Iraq Shows Signs of Unravelling

In the last few days, a wave of horrifying violence has plagued Iraq. Over 70 people were killed between the 16th and 18th of December as a result of terrorist attacks, which were carried out by car bombs and militant shootings.  The attacks are being attributed to the Islamic State of Iraq, an umbrella organization that includes al Qaeda.  Additionally, some of the actors are allegedly members of the Iraqi government, and the public is coercing the government to rapidly augment its information services for the better.

This sectarian violence, which is being called the worst since 2008, is a huge source of friction for Iraq as it attempts to rival Saudi Arabia as the top oil producer. It even surpassed neighbouring Iran as the second largest oil producer within OPEC during 2012. However, with the rise in violence, this shows signs of reversing; the country is encountering immense difficulty in guarding its oil-producing facilities. Pipelines have been attacked, some fields missed production targets, and the cost of production has increased. With the country having just begun to truly exercise its self-sufficiency with success (following the extraction of the American military in 2011), it cannot afford to be economically hindered. Hopefully, the government will be resilient enough to exercise force in putting this debilitating violence to an end.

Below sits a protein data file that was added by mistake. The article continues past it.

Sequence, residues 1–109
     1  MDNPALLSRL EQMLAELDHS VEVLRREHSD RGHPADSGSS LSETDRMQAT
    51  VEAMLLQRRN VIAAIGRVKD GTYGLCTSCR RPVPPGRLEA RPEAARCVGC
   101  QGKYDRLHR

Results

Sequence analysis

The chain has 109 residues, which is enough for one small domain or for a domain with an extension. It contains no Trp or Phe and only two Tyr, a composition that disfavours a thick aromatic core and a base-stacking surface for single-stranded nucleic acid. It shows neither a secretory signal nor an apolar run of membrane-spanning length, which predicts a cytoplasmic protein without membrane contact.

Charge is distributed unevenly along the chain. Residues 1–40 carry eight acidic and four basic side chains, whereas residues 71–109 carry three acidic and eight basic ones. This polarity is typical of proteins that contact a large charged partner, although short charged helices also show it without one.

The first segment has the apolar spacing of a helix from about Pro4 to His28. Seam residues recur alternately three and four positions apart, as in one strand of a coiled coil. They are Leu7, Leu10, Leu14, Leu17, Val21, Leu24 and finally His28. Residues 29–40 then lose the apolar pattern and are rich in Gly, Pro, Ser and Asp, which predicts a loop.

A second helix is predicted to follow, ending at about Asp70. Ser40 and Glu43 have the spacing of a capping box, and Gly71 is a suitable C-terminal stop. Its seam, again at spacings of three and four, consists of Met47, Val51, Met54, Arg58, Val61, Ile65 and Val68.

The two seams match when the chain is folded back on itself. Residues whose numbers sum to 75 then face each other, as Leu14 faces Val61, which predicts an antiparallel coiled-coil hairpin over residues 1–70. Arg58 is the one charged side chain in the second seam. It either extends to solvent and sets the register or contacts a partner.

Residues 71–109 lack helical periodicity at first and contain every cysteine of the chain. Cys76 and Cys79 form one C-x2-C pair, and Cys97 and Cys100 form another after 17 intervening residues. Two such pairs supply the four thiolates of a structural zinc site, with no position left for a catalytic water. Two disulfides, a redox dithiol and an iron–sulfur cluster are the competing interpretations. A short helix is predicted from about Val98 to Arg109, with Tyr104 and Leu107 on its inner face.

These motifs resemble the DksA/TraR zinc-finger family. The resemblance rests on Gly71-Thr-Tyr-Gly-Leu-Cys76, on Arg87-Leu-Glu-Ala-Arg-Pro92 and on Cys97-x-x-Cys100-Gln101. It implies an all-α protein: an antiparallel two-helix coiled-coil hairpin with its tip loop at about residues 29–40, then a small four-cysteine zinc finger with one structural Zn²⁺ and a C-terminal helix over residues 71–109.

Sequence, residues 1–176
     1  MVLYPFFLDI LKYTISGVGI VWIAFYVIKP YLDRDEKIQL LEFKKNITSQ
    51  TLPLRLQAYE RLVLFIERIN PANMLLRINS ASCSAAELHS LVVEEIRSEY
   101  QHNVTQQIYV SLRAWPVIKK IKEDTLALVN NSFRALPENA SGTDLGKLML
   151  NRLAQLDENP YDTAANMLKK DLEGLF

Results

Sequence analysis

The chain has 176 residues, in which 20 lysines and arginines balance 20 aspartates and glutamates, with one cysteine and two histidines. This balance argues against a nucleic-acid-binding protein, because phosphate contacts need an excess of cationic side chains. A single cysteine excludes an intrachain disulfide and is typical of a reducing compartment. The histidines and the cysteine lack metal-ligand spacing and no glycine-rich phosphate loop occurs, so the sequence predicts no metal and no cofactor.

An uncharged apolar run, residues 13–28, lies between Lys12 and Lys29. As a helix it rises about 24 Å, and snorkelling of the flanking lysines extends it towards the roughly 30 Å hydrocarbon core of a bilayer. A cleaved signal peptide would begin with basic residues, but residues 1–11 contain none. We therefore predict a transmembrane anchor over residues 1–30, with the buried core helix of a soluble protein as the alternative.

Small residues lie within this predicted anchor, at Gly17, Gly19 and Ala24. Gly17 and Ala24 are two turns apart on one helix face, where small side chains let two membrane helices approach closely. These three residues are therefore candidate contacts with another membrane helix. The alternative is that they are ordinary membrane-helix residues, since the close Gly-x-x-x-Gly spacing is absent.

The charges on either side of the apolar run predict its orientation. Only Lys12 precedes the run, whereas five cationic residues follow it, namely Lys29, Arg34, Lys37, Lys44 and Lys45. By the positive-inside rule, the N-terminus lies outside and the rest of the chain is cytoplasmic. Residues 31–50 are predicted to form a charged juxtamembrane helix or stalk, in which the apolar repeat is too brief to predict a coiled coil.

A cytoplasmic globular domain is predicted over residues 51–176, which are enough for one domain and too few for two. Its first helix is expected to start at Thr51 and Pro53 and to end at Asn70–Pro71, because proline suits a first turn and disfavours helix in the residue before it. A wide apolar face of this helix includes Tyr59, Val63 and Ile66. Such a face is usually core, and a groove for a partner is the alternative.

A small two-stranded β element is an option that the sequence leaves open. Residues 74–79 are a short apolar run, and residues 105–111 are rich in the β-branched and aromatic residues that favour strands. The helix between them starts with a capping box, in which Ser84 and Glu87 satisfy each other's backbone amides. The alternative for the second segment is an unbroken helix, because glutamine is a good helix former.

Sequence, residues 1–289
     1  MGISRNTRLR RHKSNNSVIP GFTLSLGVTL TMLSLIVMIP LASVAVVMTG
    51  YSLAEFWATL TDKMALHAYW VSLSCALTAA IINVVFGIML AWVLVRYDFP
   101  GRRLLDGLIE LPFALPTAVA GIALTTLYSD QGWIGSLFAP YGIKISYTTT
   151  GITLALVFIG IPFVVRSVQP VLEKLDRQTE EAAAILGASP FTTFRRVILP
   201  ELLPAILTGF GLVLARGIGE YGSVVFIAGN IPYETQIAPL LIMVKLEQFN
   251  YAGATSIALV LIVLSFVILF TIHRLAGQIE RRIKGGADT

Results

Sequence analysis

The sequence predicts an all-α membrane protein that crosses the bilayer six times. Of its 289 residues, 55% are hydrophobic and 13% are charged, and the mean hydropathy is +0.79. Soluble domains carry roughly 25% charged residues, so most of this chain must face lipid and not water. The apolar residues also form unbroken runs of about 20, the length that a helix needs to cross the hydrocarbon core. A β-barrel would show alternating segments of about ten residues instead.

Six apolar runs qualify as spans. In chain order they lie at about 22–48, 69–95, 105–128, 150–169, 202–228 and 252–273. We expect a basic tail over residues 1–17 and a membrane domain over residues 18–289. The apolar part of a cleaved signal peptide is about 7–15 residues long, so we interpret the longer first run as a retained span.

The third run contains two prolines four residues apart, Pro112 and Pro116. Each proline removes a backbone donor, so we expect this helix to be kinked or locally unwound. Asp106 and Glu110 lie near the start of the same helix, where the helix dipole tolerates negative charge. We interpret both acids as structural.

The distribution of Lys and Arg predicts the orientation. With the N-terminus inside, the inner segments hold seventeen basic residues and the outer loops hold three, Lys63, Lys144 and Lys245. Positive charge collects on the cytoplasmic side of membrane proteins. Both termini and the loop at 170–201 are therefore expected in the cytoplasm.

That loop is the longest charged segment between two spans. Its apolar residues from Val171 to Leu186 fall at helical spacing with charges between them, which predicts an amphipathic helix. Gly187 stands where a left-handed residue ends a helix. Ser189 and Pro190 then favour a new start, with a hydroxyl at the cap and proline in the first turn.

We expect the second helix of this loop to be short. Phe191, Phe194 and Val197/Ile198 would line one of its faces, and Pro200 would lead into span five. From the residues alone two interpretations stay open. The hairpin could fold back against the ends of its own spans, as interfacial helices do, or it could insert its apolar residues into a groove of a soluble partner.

About Dahlia James

Dahlia James is a Research Analyst at the NATO Association of Canada, where she writes articles on current events, as well as women in security, Canada’s involvement in NATO, and NATO’s multilateral connections. She has completed her Honours Bachelor of Arts degree at the University of Toronto, where she studied Political Science, History, and American Studies. For the entirety of the 2011-2012 academic year, she studied abroad at the Rothberg International School at the Hebrew University of Jerusalem where her studies were focused on Israeli foreign policy and Middle Eastern studies. Her recent experience includes acting as the Co-Editor in Chief of the Undergraduate Journal of American Studies at the Munk School of Global Affairs, and interning in the research and editorial department at the Jerusalem Centre of Public Affairs. Her interests lie in American foreign policy, Canadian-American bilateral affairs, and both Israeli and Middle Eastern politics.